4.    Play Account (PLAY – 10%)
This is often everyone’s favorite account.  This money allows you to PLAY and enjoy life.  The purpose of this account is to nurture yourself. For kids, this is all that little stuff they want but really don’t need.  They can take 10% of their money and experiment, like buying clothes or candy. It is also a great category for funding new sports equipment they may want but, again, don’t need.  When they are adults, this would be for going out, getting a massage, tickets to a play, or other forms of relaxation or entertainment.  Play is what gives juice to life and it is important to enjoy and nurture yourself and your relationships without worry. 

5.    Give Account (GIVE – 10%)
Giving is a huge part of having an amazing life.  It is so important to give regularly with love. You can give more than just time as well, for example house sitting for an elderly neighbor or volunteering.   With this jar, the kids think about giving every time money is divided out.  This money can go to a charity your child loves, for example adopting a child or animal, tithing at your church, as well as gifts for family and friends.  

6.    Necessity Account (Basics -50%)
50% of all incoming money goes into this jar.  This is your living expenses account.  This is for everything you need to live (mortgage/rent, utilities, food, clothes, taxes, bills, insurance, etc.) Yes, half goes towards living expenses and your kids should begin internalizing this concept early.   Start teaching them to think about more than working to just pay bills.  It is important to have them set this habit from the beginning. The money put aside in this jar can be saved for a down payment on a house, a car, or college.  Do not let them skip this jar.  It is important to build the idea that 50% goes to necessities.  When they are ready to leave home, they will have a firm understanding of how much they have and what they will need to live on their own.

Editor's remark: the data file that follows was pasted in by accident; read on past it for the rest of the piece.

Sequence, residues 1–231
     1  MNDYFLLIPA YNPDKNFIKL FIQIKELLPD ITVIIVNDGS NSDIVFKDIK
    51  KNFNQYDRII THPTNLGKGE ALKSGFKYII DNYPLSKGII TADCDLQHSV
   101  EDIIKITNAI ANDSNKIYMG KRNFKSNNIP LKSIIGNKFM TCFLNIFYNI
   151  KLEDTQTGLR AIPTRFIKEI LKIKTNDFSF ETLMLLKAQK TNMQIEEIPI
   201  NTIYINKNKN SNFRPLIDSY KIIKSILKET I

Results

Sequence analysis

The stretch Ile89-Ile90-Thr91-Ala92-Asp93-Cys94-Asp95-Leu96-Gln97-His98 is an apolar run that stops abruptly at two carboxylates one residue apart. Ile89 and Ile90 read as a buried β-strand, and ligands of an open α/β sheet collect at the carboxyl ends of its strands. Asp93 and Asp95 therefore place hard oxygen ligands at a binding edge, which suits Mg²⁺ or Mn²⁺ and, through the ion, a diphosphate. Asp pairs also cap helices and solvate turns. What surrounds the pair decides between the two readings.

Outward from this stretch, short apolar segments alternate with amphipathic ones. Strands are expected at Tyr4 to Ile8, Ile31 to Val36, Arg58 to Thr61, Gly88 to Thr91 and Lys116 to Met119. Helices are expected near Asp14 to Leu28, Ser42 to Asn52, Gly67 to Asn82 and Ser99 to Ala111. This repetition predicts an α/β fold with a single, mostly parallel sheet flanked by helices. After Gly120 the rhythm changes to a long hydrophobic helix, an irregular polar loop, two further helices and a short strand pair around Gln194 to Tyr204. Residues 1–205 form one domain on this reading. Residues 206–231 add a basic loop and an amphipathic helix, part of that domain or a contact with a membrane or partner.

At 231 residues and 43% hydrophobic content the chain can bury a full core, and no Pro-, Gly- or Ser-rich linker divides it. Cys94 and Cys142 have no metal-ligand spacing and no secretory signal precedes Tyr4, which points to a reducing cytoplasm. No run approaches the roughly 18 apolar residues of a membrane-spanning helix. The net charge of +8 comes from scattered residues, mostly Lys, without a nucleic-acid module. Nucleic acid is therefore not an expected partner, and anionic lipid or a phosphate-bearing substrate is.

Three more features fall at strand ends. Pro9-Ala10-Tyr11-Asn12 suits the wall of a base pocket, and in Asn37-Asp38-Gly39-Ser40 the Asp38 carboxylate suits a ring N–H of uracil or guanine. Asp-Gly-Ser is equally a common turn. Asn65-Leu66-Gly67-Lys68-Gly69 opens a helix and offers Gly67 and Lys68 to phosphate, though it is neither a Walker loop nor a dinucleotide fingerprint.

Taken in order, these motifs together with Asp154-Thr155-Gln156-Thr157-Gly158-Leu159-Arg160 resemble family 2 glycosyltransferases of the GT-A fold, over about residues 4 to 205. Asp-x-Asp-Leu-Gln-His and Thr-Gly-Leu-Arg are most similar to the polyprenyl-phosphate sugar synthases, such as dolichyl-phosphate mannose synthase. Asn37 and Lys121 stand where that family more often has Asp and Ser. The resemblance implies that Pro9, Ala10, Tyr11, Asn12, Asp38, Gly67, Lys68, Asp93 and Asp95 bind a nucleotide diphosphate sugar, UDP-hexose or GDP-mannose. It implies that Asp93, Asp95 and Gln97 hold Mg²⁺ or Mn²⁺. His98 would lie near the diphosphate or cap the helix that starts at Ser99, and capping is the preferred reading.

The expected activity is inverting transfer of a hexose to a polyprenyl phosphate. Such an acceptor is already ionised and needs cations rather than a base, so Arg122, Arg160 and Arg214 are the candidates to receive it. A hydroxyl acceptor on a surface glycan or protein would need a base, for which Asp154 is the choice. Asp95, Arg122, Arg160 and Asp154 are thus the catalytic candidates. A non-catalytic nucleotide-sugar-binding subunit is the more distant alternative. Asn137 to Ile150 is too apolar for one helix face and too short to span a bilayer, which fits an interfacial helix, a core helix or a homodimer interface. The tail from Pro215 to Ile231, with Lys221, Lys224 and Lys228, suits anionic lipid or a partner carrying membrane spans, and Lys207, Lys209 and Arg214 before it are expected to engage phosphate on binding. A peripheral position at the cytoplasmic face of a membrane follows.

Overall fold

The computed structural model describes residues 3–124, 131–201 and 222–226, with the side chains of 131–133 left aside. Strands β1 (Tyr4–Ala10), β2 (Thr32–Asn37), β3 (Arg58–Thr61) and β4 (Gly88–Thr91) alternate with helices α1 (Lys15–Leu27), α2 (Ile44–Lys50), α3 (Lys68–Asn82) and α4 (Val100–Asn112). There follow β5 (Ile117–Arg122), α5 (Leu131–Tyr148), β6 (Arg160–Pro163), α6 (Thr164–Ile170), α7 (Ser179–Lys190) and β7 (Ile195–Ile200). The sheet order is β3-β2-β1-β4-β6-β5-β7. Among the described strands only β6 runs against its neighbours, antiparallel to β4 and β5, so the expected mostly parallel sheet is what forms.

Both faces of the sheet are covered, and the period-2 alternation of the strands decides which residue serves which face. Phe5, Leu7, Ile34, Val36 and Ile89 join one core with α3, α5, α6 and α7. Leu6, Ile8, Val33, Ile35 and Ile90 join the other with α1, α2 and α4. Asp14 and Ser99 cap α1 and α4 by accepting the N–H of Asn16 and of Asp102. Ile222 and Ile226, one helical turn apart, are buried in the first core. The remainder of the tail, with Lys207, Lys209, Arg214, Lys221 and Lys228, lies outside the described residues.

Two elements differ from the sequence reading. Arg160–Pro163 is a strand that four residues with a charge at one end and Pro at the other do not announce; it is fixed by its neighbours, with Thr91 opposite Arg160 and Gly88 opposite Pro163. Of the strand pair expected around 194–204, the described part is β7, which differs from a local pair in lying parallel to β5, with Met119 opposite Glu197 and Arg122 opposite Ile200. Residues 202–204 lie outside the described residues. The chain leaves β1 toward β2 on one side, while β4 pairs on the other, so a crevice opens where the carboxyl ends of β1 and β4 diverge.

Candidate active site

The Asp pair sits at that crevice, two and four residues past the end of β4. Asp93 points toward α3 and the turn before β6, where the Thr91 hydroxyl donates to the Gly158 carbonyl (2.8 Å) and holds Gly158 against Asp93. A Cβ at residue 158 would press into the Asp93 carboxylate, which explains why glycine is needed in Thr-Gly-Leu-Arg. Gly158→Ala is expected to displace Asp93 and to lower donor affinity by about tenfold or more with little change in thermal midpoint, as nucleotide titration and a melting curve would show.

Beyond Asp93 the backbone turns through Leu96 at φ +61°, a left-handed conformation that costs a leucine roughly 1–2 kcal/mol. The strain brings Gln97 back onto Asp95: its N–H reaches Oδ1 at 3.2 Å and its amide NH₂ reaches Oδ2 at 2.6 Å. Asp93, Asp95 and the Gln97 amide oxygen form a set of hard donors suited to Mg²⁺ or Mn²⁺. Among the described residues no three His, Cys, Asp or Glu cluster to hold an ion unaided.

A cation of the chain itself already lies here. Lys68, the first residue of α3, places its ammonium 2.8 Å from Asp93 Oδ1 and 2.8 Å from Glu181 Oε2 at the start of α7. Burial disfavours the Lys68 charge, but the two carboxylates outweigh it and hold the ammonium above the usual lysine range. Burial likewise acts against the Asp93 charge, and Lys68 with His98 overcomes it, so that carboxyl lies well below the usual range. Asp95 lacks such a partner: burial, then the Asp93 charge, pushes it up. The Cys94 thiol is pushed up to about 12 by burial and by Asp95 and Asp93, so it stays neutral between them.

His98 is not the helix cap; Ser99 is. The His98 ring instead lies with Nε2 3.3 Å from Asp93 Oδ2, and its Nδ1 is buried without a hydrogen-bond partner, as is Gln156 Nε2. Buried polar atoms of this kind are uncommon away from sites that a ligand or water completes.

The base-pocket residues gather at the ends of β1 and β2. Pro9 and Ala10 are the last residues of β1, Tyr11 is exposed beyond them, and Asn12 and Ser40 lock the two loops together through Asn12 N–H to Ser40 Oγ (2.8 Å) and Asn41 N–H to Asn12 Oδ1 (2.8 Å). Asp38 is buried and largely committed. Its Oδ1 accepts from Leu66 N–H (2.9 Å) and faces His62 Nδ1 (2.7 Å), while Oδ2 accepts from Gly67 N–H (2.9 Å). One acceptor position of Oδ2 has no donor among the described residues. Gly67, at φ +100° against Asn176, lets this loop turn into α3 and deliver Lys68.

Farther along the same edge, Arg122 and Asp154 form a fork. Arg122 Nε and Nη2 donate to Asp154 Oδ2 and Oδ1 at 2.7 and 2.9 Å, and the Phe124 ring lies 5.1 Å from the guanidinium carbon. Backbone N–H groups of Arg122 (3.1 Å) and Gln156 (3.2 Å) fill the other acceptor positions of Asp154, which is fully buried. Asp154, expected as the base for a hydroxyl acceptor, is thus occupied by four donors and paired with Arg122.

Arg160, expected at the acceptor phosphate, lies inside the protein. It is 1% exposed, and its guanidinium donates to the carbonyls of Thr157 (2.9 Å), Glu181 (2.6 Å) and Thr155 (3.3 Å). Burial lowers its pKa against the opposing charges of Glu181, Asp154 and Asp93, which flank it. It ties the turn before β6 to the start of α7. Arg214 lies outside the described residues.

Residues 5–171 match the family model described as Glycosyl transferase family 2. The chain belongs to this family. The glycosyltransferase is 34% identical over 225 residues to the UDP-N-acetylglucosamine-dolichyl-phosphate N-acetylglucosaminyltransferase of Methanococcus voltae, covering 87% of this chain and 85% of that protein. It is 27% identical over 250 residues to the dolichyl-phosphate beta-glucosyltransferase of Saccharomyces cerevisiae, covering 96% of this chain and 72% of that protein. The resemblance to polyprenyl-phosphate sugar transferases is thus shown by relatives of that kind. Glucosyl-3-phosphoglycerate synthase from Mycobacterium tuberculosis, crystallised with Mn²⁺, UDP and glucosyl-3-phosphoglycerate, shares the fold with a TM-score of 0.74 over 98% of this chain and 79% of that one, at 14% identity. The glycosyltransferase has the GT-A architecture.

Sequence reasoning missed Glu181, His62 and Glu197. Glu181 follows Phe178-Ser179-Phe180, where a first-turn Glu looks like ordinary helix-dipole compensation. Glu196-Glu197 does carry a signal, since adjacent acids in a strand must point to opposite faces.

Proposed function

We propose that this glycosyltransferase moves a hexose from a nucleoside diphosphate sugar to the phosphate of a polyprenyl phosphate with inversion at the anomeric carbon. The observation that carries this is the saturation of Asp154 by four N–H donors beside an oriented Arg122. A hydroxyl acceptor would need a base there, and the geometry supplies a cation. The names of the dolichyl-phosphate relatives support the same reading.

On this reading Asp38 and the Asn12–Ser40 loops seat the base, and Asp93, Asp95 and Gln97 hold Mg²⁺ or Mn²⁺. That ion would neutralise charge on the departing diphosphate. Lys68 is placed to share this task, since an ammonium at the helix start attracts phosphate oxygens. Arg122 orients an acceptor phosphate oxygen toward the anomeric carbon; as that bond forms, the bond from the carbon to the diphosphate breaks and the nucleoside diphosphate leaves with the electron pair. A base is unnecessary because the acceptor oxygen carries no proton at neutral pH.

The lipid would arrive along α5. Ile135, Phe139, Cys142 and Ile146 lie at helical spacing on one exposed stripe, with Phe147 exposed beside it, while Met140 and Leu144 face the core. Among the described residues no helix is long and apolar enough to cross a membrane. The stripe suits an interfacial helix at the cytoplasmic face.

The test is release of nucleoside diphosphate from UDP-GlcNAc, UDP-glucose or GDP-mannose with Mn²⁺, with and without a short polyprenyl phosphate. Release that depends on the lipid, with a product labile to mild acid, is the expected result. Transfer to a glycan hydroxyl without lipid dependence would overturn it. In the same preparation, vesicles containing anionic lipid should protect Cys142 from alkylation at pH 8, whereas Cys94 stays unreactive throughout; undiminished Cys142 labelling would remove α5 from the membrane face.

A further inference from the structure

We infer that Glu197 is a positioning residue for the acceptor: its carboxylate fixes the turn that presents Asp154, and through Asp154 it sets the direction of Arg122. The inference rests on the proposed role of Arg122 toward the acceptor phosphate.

Starting to use this system now is very important.  This becomes a habit that will develop into how they think about living their lives.  Start them as low as $1 or $10 a month. Give them 10 dimes or dollars to split into jars.  It is the habit and action over time that will create the wealthy and healthy mindset.  Notice there is nothing to pay off loans.  If they see that every month their subconscious will understand that going into debt is a natural thing to do.  I think we all agree a life lived without debt is healthier and happier.  Let them learn about debt later, pros and cons, when they are ready to make those decisions.

I often say success leaves clues.  This is one of those clues.  Successful people think and plan for investing, learning, saving, fun, and education every time they handle their money.  What amazing habits to pass to our kids!  As I mentioned before, for more information about this system, read Secrets of a Millionaire Mind by T. Harv Eker.  Don’t forget, kids totally learn by example.  You could make this a family project.  We did!